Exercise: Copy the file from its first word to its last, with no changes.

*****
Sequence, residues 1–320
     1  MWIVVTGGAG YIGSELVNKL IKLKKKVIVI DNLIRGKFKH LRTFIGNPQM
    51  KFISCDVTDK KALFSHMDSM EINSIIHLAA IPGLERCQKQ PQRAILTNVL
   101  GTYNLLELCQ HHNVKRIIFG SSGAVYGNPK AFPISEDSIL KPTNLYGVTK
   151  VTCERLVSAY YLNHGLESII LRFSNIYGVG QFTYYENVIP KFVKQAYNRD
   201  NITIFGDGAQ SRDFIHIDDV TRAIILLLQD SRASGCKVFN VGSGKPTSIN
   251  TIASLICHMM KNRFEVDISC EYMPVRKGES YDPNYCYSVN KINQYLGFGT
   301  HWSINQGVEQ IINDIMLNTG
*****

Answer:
Sequence, residues 1–320
     1  MWIVVTGGAG YIGSELVNKL IKLKKKVIVI DNLIRGKFKH LRTFIGNPQM
    51  KFISCDVTDK KALFSHMDSM EINSIIHLAA IPGLERCQKQ PQRAILTNVL
   101  GTYNLLELCQ HHNVKRIIFG SSGAVYGNPK AFPISEDSIL KPTNLYGVTK
   151  VTCERLVSAY YLNHGLESII LRFSNIYGVG QFTYYENVIP KFVKQAYNRD
   201  NITIFGDGAQ SRDFIHIDDV TRAIILLLQD SRASGCKVFN VGSGKPTSIN
   251  TIASLICHMM KNRFEVDISC EYMPVRKGES YDPNYCYSVN KINQYLGFGT
   301  HWSINQGVEQ IINDIMLNTG